A.8 Positive ground state wave function

This addendum discusses why in at least the simplest cases a ground state wave function can be assumed to be real, positive, and unique (i.e. nondegenerate). It is assumed that the potential is a real function of position. That is true for the hydrogen molecular ion. It is also true for a single hydrogen atom and most other simple systems, at least in the nonrelativistic approximations normally used in this book.

It should first be noted that if potentials are allowed that are positive infinity in a finite region, nonunique ground states that cannot be taken positive may in fact possible. Such a potential can provide an impenetrable boundary, completely separating one region of space from another. In that case the ground state wave functions at the two sides of the boundary become decoupled, allowing for indeterminacy in the combined ground state. Such artificial cases are not covered here. But you can readily find examples in lots of books on quantum mechanics, especially in one dimension. Here it will be assumed that the potentials stay away from positive infinity. For practical purposes, it may also be noted that if the potential becomes positive infinity at just a few points, it is usually not a problem unless the approach to singularity is very steep.

There is however a much more important restriction to the conclusions in this note: ground states may not be positive if you go to many-particle systems. That is discussed further in the final paragraphs of this addendum.

First consider why the ground state, and any other energy eigenstate, can be assumed to be real without loss of generality. Suppose that you had a complex eigenfunction $\psi$ for the eigenvalue problem $H\psi$ $\vphantom0\raisebox{1.5pt}{$=$}$ $E\psi$. Write the eigenfunction as

\begin{displaymath}
\psi = \psi_{\rm {r}} + {\rm i}\psi_{\rm {i}}
\end{displaymath}

where the real part $\psi_{\rm {r}}$ and the imaginary part $\psi_{\rm {i}}$ are real functions. Plugging this into the eigenvalue problem, you see that the real and imaginary parts each separately must satisfy the eigenvalue problem. (For the complex number $H\psi-E\psi$ to be zero, both its real and imaginary parts have to be zero.) So each of $\psi_{\rm {r}}$ and $\psi_{\rm {i}}$ is just as good an eigenfunction as $\psi$ and each is real. Since the original complex $\psi$ is a linear combination of the two, you do not need it separately. (If either $\psi_{\rm {r}}$ or $\psi_{\rm {i}}$ is zero, it is not an eigenfunction, but then it is not needed to describe $\psi$ either. And if it is nonzero, it can be normalized.)

Next consider why the ground state can be taken to be positive, assuming, for now, that it is unique. What characterizes the ground state $\psi_{\rm {gs}}$ is that it has the lowest possible expectation value of the energy. The expectation energy can be written for arbitrary, but normalized, wave functions $\psi$ as

\begin{displaymath}
\big\langle E\big\rangle = \frac{\hbar^2}{2m} \int_{\rm al...
...\vec r}
+ \int_{\rm all} V \psi^2 {\,\rm d}^3{\skew0\vec r}
\end{displaymath}

In the first term, the kinetic energy, integrations by part have been used to get rid of the second order derivatives. Note that $(\nabla\psi)^2$ stands for the sum of the square partial derivatives of $\psi$. Now by definition $\psi_{\rm {gs}}$ has the lowest possible value of the above expectation energy among all possible normalized functions $\psi$. But only terms square in $\psi$ appear in the expectation energy. So $\vert\psi_{\rm {gs}}\vert$ has the same expectation energy. That means that $\vert\psi_{\rm {gs}}\vert$ is a ground state wave function too. Under the given assumption that the ground state is unique, $\vert\psi_{\rm {gs}}\vert$ can be taken to be the ground state. That makes the ground state positive. (Note that a constant of magnitude one does not make a difference in an eigenfunction. So the original $\psi_{\rm {gs}}$ might well have been equal to $-\vert\psi_{\rm {gs}}\vert$. But $\vert\psi_{\rm {gs}}\vert$ is equivalent to that.)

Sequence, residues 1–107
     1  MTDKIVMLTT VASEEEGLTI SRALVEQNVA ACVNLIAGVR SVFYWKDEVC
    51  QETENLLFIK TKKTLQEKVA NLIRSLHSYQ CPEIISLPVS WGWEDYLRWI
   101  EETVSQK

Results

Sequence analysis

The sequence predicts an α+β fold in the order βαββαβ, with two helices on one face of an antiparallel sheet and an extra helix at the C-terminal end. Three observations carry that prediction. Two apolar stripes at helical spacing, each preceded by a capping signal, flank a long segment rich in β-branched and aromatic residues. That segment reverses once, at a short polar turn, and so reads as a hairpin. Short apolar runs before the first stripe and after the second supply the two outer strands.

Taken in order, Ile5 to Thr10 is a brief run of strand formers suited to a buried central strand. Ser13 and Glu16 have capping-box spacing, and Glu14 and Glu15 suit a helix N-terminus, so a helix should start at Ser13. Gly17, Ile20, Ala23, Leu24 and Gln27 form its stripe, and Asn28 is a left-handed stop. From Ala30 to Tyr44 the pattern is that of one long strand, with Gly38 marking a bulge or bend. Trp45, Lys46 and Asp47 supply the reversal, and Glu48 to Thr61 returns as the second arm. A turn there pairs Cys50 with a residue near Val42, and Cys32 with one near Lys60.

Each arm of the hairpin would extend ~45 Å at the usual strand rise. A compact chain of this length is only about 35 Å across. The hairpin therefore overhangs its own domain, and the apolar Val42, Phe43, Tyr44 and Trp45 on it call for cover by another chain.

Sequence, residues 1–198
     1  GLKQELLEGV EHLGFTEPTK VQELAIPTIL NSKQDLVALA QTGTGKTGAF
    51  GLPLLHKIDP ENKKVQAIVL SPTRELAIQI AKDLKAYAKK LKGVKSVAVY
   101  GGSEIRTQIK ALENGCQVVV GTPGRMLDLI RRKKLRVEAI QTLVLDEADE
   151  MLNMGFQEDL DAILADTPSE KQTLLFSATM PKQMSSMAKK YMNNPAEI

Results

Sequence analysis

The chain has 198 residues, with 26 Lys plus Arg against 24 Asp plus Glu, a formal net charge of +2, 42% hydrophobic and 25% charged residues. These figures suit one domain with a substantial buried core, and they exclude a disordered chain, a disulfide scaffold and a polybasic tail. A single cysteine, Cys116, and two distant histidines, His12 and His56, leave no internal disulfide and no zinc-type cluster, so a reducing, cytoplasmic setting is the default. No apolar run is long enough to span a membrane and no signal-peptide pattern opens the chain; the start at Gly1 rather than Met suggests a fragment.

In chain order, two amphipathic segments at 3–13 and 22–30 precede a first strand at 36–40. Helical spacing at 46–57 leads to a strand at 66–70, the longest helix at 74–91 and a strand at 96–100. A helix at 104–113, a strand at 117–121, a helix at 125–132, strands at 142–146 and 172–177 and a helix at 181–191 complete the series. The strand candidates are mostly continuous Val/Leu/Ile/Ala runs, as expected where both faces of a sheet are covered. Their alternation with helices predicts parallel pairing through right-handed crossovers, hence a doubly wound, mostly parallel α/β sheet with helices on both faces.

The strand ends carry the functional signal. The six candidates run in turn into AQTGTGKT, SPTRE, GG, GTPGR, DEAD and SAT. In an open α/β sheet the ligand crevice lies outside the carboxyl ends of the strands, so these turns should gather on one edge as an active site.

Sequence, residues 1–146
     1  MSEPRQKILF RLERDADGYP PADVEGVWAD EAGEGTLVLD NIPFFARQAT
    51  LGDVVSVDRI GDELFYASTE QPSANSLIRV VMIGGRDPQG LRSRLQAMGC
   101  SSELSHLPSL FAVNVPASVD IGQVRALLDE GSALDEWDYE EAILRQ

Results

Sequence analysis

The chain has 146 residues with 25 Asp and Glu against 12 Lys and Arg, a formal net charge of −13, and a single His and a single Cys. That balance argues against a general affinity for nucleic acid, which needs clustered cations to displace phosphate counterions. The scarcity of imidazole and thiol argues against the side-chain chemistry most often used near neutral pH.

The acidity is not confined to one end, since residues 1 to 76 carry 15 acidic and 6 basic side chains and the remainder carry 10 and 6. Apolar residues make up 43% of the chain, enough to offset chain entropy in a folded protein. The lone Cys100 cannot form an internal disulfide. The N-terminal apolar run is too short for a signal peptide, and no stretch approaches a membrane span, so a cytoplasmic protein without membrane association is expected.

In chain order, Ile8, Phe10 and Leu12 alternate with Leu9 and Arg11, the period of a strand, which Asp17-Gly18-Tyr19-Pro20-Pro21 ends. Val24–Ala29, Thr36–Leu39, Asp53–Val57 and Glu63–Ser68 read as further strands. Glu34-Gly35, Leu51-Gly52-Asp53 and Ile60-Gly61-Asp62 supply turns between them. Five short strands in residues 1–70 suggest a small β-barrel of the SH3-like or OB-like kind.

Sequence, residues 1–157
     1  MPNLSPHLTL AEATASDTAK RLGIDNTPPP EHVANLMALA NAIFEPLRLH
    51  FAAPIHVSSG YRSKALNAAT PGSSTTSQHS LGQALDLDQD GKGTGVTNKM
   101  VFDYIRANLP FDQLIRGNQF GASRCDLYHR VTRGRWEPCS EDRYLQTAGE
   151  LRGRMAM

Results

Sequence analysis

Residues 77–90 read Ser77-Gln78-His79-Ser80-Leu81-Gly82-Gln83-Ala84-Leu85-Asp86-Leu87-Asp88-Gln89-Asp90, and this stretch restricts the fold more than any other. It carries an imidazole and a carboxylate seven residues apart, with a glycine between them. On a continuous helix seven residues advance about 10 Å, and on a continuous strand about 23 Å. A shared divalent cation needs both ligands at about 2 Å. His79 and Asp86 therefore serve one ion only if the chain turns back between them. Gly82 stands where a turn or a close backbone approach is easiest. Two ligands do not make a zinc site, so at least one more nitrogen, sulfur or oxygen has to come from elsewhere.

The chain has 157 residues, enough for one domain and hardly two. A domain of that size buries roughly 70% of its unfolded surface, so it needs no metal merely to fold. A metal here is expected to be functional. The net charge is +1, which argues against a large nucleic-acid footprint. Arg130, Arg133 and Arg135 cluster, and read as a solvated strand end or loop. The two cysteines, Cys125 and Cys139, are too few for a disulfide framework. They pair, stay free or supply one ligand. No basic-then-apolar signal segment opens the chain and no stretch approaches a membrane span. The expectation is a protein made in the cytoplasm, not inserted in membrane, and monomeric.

Finally, it needs to be shown that the ground state is indeed unique as assumed above. That is really messy, so it has been banned to derivation {D.22}. It is based on the same idea that the absolute value of a ground state is a ground state too.

Regrettably the arguments above stop working for more than two electrons. To really understand the reason, you will first need to read chapter 5.6 on multiple-particle systems. But in a nutshell, the wave function for systems with multiple electrons must satisfy additional requirements, called the antisymmetrization requirements. These requirements normally turn $\vert\psi_{\rm {gs}}\vert$ into an unacceptable wave function. Then obviously the above arguments fall apart. Fortunately, for just two electrons, there is a loophole in the requirement called spin. That allows the hydrogen molecule, with two electrons, still to be covered.

The same problem occurs for atomic nuclei that contain multiple protons and/or neutrons. (For atomic nuclei, the potentials also tend to be far more complicated than assumed here. But that is another matter.) In general, particles for which antisymmetrization requirements apply are called fermions.

There is however a different class of particles called ”bosons.” For those, the wave function has to satisfy symmetrization requirements. Symmetrization requirements are still OK if you replace $\psi$ by $\vert\psi\vert$. So the ideas above are helpful for understanding the ground state of large numbers of bosons. For example, they are helpful in understanding the superfluidity of liquid helium near its ground state, [18, pp. 321-323]. Complete helium atoms are bosons.